EBC Day 17 – Lungden to Namche Bazaar

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Trains of yaks began to appear on the stone steps that lead up to the junction to the Kerok Gompa (monastery). Shortly after, I noticed signs that were propped up along the side of the path in an attempt to raise awareness about the overabundance of plastic waste and the need to decrease the consumption of single-use plastics. The signs not only mentioned the detrimental effects of plastic water bottles, but also contained information regarding chortens and mani stones. This was a great initiative as the environmental awareness in the hiking community is sorely lacking.

Thame Teng chorten

The Thame Teng chorten

From here the trail continued south to Thame Teng and Thame (Nepali : थमे) (elevation : 3820m) shortly after. Thame was a very scenic and fairly large town that was situated where the Bhote Kosi and Thame Khola valleys met. The sprawling town was filled with gompas and houses that were scattered around, with their respective plots demarcated by windy stone walls. The whole scene was made so much more alluring by the dense cloud-cover and the crepuscular rays that managed to find their way through. The area is the home of Apa Sherpa (nicknamed 'Super Sherpa'), a very well-known mountaineer who holds the record for the highest number of times to reach the summit of Mount Everest : 21; and is also the childhood home of Tenzing Norgay, who was one of the first to have climbed Mount Everest (elevation : 8848m) back in 1953.

The valley that Thame is cosily nestled in is surrounded by towering peaks. Heading west up the Thame Khola valley towards its head-wall will bring you to the Tyangbo glacier and the high-altitude pass of Tesi Labcha (elevation : 5755m) just after. The pass lies just under the trekking peak of Pachermo (elevation : 6273m) and crossing it will bring you to the Rolwaling Himal range on the other side. The southern wall of the Thame Khola valley, on the other hand, is made up of the Lumding Himal which consists of the peaks of Kongde Ri (elevation : 6186m), Tyangmoche (elevation : 6500m), and Paniyotapa (elevation : 6696m).


Thame with the ridge that leads up to Kongde Ri (elevation : 6186m) on the left

The Lumding Himal is what forces the Bhote Kosi river (and the trail) to swerve south-east and down the valley towards the town of Namche Bazaar. The river descended into a canyon of sorts as it approached the next town, Thamo (Nepali : थमु) (elevation : 3480m). Thamo was a nice little town, albeit a little too religious for my liking. The town had a big monastery up on the hill, whilst the rest of the town was basically made up of chortens, prayer tablets, and a water-powered prayer wheel. Monks and nuns were absolutely everywhere, with some walking up the path and not looking where they were going as they were just too engrossed in their prayer beads and their unabating mantras. Children started to prop up everywhere lower down the valley, and they all seemed to speak a little bit of English. Cries of “Namaste! Where are you going?”, “What is your name?”, and “You want to play football?” seemed to follow me as I continued on, surely a clear indicator to the other locals that a foreigner was approaching.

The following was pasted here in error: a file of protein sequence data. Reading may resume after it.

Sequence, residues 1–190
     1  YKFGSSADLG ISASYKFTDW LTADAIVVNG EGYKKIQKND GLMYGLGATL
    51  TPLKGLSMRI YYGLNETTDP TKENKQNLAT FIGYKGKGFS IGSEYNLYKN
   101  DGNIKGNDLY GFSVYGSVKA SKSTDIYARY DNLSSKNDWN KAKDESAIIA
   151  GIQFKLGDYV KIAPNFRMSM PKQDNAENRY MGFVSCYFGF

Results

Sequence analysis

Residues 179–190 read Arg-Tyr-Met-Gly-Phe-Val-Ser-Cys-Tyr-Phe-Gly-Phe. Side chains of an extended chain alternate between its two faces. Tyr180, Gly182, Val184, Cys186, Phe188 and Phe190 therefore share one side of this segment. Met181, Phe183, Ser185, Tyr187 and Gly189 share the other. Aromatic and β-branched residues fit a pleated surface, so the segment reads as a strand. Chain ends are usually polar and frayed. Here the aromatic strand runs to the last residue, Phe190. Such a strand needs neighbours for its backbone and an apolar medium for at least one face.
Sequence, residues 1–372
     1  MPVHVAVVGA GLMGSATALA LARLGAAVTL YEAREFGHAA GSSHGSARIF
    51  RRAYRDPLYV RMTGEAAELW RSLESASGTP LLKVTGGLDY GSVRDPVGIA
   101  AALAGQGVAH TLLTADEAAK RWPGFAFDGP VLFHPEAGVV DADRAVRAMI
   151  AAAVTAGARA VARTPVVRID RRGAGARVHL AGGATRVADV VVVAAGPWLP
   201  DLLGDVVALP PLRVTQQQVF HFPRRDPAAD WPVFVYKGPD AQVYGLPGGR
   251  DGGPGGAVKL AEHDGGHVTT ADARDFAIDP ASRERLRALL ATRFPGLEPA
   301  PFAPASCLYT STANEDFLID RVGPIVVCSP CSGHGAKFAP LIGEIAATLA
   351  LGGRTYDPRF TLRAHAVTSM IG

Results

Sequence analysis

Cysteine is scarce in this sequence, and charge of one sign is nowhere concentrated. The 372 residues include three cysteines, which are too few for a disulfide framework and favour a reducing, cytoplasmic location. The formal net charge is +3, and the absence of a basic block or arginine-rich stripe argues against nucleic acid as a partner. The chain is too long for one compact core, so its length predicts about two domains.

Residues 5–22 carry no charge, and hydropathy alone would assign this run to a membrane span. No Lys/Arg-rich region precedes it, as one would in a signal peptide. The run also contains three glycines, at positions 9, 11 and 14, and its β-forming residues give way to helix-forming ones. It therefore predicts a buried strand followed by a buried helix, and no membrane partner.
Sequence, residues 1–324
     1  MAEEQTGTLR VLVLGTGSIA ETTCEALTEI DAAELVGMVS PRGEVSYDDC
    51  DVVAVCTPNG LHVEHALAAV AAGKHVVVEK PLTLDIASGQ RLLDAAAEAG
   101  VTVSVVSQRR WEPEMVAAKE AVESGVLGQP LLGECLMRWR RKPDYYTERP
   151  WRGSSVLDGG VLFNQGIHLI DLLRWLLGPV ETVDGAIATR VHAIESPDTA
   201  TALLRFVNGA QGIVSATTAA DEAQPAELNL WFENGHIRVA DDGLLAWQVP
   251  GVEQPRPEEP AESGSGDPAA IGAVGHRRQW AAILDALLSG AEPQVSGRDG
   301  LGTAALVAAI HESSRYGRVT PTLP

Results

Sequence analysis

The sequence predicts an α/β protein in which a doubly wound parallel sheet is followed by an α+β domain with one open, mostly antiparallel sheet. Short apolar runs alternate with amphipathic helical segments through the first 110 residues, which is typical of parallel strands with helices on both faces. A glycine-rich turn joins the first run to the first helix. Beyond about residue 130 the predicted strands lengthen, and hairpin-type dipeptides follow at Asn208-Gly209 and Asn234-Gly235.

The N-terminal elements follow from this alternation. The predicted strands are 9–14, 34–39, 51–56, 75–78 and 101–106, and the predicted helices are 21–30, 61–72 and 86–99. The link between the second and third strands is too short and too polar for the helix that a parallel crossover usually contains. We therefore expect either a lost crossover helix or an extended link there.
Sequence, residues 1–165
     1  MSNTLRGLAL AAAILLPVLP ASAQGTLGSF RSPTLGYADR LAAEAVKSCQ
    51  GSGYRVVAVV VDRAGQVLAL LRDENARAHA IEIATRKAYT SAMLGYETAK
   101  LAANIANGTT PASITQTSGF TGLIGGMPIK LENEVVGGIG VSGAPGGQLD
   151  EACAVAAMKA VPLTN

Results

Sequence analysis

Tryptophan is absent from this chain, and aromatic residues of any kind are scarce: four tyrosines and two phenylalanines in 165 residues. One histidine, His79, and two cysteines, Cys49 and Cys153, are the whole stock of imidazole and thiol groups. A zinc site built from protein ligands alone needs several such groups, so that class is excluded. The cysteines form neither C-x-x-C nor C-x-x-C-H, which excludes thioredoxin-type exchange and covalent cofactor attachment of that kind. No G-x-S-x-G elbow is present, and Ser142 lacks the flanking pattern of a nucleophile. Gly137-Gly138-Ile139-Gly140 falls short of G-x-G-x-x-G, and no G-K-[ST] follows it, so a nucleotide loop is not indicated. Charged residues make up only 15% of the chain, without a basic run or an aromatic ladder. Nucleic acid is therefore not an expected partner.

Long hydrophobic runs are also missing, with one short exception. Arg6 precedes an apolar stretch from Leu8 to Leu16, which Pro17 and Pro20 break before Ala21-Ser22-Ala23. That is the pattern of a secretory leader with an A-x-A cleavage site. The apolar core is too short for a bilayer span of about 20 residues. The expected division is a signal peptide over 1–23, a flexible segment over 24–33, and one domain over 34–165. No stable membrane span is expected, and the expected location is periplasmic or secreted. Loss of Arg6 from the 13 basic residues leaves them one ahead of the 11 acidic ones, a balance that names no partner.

It became dark quite quickly as I was making my final approach to Namche Bazaar, and I was forced to take extra care whenever I took a step. Just before Namche, I came upon an area that looked like an army camp that had gone through a war. There were dug out pits scattered everywhere and the whole compound was completely surrounded by barbed wire. The moonlight and the fading colours of a quickly disappearing twilight also cast an eerie glow on the whole scene. I looked up at the almost full moon as I walked into Namche Bazaar (Nepali : नाम्चे बजार) (elevation : 3440m), and recalled that it had been a new moon the last time I had stepped foot in the town, just short of two weeks ago.

The closer I got to Namche the more I realised that the trip was coming to an end. A part of me was looking forward to all the comforts of home (clean clothes, a shower!) and the rest and recuperation that would inevitably follow, but a significant part of me did not want to head back at all and would have been perfectly content to have just kept on wandering.

Costs: charging (NPR150); internet usage (NPR500); dhal bhat (NPR490); 3 cups of hot lemon (NPR180)

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Day 17 Expenditure

Next (Day 18) : Namche Bazaar to Lukla
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